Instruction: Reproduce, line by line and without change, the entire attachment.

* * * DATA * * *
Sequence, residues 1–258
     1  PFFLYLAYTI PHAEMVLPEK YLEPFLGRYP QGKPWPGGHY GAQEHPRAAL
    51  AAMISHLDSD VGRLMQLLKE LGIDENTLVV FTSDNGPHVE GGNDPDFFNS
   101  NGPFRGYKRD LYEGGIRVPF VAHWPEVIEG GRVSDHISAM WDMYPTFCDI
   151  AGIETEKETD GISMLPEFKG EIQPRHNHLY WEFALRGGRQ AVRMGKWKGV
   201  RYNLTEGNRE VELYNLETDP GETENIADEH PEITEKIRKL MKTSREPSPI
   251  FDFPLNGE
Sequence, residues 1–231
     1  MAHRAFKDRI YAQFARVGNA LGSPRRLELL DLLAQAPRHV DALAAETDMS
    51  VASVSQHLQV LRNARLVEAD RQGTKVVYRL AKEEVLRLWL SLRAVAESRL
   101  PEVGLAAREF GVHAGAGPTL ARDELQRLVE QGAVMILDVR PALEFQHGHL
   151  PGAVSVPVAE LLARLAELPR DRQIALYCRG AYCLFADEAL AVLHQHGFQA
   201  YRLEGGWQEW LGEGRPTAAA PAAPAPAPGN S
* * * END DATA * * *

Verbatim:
Sequence, residues 1–258
     1  PFFLYLAYTI PHAEMVLPEK YLEPFLGRYP QGKPWPGGHY GAQEHPRAAL
    51  AAMISHLDSD VGRLMQLLKE LGIDENTLVV FTSDNGPHVE GGNDPDFFNS
   101  NGPFRGYKRD LYEGGIRVPF VAHWPEVIEG GRVSDHISAM WDMYPTFCDI
   151  AGIETEKETD GISMLPEFKG EIQPRHNHLY WEFALRGGRQ AVRMGKWKGV
   201  RYNLTEGNRE VELYNLETDP GETENIADEH PEITEKIRKL MKTSREPSPI
   251  FDFPLNGE
Sequence, residues 1–231
     1  MAHRAFKDRI YAQFARVGNA LGSPRRLELL DLLAQAPRHV DALAAETDMS
    51  VASVSQHLQV LRNARLVEAD RQGTKVVYRL AKEEVLRLWL SLRAVAESRL
   101  PEVGLAAREF GVHAGAGPTL ARDELQRLVE QGAVMILDVR PALEFQHGHL
   151  PGAVSVPVAE LLARLAELPR DRQIALYCRG AYCLFADEAL AVLHQHGFQA
   201  YRLEGGWQEW LGEGRPTAAA PAAPAPAPGN S